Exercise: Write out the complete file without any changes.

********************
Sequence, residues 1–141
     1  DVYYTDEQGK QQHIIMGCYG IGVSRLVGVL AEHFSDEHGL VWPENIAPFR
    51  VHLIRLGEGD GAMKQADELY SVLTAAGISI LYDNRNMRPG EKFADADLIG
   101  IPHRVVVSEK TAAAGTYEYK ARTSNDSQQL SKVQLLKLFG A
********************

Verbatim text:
Sequence, residues 1–141
     1  DVYYTDEQGK QQHIIMGCYG IGVSRLVGVL AEHFSDEHGL VWPENIAPFR
    51  VHLIRLGEGD GAMKQADELY SVLTAAGISI LYDNRNMRPG EKFADADLIG
   101  IPHRVVVSEK TAAAGTYEYK ARTSNDSQQL SKVQLLKLFG A